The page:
When your child doesn’t have the vocabulary to describe the day’s events, a parent-teacher log is a great method for communicating daily with school.
There is no doubt, despite all my wonder and awe at my son’s Village, that in reality his Village is overworked and overbooked. From the first day I sent a notebook in Kyle’s backpack for communicating daily with school staff. However, the notebook’s use has been infrequent and does not achieve the goal of good communication.
If the squeaky wheel gets the grease, then I am the wheel that produces an intermittent pip.
And so now, 2/3 through the school year, I am getting squeakier and exploring our options for a daily communication log. It would have been nice to start out the year with one, and we should have, but it’s too late for regrets. Onward we go…
I asked Kyle’s teacher for a few examples of daily communication logs, and they were okay but also not. One had a scale for the day from horrible to great. Even if Kyle DOES have a horrible day at school, I don’t want to call it that. The other sheet had smiley, straight, or frowny faces to describe the parts of the day. I don’t like frowny faces coming home in my son’s backpack either.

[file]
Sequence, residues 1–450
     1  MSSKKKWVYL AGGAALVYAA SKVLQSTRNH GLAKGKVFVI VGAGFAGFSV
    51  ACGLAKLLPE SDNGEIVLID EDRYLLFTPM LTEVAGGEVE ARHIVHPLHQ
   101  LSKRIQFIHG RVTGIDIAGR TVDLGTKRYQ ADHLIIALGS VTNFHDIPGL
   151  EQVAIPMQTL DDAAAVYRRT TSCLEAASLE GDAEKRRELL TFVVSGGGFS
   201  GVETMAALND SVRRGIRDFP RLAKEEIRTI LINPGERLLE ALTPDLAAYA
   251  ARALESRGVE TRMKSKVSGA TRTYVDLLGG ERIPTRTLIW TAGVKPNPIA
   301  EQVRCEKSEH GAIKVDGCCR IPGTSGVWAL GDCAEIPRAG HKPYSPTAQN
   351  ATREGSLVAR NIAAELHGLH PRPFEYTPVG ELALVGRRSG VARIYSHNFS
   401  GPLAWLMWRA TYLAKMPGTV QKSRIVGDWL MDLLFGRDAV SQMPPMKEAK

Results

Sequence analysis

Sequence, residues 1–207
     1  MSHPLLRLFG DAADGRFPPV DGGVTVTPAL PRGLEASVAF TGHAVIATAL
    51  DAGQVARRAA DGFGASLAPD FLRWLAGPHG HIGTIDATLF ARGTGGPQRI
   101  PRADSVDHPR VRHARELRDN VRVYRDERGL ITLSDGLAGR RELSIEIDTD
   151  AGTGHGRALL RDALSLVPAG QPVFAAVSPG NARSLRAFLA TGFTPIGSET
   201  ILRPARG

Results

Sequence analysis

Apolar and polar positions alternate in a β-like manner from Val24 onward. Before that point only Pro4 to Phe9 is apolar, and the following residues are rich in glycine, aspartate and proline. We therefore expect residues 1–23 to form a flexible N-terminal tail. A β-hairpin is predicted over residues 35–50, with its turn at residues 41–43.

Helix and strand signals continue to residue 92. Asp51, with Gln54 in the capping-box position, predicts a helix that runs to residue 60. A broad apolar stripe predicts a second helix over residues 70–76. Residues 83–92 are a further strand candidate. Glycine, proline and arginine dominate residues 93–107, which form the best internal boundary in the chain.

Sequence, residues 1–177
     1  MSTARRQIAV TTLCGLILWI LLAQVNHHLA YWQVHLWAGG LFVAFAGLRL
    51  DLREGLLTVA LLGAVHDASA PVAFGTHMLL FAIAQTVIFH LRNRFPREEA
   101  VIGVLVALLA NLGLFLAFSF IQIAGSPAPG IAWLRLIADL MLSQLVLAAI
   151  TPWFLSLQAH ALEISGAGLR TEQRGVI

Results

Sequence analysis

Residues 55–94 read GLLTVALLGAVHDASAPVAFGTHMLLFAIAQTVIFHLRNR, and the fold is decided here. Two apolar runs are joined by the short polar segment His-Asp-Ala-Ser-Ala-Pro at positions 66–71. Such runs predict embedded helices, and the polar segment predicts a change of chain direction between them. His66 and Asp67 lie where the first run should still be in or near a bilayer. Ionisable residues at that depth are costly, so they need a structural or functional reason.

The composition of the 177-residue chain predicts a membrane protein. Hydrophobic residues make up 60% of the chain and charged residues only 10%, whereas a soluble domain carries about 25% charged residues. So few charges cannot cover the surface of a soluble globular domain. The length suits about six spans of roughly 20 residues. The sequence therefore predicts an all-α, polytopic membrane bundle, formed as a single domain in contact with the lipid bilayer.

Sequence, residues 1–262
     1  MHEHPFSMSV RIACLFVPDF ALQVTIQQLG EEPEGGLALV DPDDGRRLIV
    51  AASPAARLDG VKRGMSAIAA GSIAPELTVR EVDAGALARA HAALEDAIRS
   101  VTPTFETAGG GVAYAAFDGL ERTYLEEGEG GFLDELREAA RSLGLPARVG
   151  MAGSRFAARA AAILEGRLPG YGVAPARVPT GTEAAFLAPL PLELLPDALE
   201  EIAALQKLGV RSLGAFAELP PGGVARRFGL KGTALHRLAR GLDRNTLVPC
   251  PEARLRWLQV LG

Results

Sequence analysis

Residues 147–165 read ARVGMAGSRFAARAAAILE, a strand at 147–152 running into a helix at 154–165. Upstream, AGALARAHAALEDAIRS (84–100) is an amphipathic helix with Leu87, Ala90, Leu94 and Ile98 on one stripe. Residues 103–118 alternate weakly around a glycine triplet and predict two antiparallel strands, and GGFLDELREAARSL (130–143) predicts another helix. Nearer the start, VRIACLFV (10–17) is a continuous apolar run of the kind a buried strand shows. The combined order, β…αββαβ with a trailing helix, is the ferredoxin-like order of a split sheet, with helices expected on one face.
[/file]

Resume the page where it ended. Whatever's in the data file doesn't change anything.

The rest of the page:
Next I reached out to my fellow parents navigating special education, and one told me of this great resource from Indiana University: Home-School Communication. These examples are great, although none perfect for our needs. Most examples are geared towards autism rather than Down syndrome.
So I took some elements from Kyle’s teacher’s suggestions, some elements from the IU forms, then put on my dusty old teacher hat and made my own. Here’s the end result: parent communication daily sheet. I wanted to provide this example here as another alternative for parents who, like me, are not finding exactly what they need in their internet search for daily sheet templates.